On the woodpecker front, we caught a duo of Downy Woodpeckers in net 16 mid-morning. The male was a second-year and a recap originally banded a few weeks ago, while the female was a hatch-year and unbanded. The side of net 16 where they were caught has some dead Alder trunks behind it and this seems to have been attractive to woodpecker this year as we have caught several in the same 1-2m width section of the net! The long-staying Lewis’ Woodpecker was sighted again today as well, first by Sachi, along the road on his way back to the station after census and then by the rest of us along the Homathko while checking the nets in the late morning.


Fall colours in the Chilko valley

Just prior to closing the nets our local Black Bear moseyed on out into the east side of the field and proceeded to munch alfalfa. This was a good segue into the afternoon as after lunch we went with Alice and Shanelle over to the Chilko River to see if we could find some Grizzlies. We did’t have to wait long as we were not even five minutes from home when Shanelle spotted a Griz feeding at the top of the field beside the road. Up popped two more little heads as she and her cubs surveyed us from amid the alfalfa.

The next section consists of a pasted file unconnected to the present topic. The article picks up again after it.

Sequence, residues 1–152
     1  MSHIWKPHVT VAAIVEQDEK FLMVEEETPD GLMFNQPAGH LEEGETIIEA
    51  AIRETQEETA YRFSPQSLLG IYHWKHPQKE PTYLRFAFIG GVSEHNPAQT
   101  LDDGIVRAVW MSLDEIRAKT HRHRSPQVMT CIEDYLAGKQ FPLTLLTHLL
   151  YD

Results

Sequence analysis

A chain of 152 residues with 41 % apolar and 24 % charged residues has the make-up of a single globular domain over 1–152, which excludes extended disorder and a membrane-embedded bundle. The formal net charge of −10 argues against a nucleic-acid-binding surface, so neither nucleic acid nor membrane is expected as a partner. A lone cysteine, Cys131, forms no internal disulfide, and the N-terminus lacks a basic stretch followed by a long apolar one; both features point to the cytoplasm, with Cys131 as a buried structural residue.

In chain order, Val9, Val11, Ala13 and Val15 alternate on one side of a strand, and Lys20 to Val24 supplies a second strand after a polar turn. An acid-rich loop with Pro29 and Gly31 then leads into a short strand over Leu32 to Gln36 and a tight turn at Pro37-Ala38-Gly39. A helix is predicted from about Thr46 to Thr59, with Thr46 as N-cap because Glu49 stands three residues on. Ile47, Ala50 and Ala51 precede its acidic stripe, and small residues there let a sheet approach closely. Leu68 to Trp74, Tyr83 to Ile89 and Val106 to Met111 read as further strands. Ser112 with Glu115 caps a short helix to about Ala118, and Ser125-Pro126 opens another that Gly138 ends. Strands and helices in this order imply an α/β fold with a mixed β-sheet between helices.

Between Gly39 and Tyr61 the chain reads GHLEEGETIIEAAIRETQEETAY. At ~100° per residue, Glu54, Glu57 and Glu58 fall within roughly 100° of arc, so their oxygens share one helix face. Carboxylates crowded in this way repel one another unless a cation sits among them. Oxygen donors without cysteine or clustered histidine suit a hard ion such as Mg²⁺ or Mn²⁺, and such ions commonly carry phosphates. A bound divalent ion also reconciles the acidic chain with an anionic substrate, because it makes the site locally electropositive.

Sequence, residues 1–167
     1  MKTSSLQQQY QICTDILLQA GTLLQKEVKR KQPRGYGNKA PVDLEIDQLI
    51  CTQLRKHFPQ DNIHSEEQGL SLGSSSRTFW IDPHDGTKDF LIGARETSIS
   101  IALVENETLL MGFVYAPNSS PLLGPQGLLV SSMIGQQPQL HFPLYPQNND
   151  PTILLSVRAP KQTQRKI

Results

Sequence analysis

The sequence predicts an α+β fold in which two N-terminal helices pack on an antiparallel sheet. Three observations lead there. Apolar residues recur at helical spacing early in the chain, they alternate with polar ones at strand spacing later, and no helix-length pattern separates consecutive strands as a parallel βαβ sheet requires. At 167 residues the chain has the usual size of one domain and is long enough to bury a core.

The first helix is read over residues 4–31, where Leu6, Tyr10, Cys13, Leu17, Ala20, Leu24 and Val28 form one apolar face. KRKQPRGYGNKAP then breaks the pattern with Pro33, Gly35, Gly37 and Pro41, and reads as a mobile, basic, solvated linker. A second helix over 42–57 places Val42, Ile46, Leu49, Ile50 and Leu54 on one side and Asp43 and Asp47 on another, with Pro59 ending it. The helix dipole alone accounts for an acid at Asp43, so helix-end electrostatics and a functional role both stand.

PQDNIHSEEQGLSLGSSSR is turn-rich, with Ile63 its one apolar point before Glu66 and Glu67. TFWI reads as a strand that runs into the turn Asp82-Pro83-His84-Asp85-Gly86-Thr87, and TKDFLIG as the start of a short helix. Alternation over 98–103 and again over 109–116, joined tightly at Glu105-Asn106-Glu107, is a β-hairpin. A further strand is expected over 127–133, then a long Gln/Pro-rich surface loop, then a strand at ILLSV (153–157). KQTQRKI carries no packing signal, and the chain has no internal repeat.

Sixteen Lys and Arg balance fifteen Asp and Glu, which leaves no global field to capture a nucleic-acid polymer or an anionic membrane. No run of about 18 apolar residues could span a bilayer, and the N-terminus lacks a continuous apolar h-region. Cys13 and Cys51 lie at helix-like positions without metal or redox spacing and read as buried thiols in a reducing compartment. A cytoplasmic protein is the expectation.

Once on the Chilko we spotted a fair number of Salmon and the usual entourage of Common Mergansers along with a few Belted Kingfishers, attracted to the fish smorgasbord. We then picked out a mother and cub Grizzly up the near shore who, after five minutes or so, worked their way along the shore below us not 20 feet away! We watched them for a bit before spotting a few more along the far shore. It is always a pleasure to have the chance to see these magnificent creatures up close and we count ourselves fortunate to have had two great bear viewing days in the Chilko this season.


Salmon for everyone!

Conditions seem great for owling tonight so we will hope to add to the 41 we have banded thus far.

Ebird checklist for the day: https://ebird.org/view/checklist/S60133519

Species Band Recap
Yellow-rumped Warbler 4
Black-capped Chickadee 1 4
Downy Woodpecker 1 1
Ruby-crowned Kinglet 1
Orange-crowned Warbler 1
Common Yellowthroat 1
Savannah Sparrow 1
Fox Sparrow 1
Song Sparrow 1
White-crowned Sparrow 1

Birds Banded 13
Species Banded 10
Birds Recapped 5
Species Recapped 2
Species on Census 31
Species Recorded 42

Sept. 25: Winding Down


The view of the lab from our non-standard songbird net (MXY)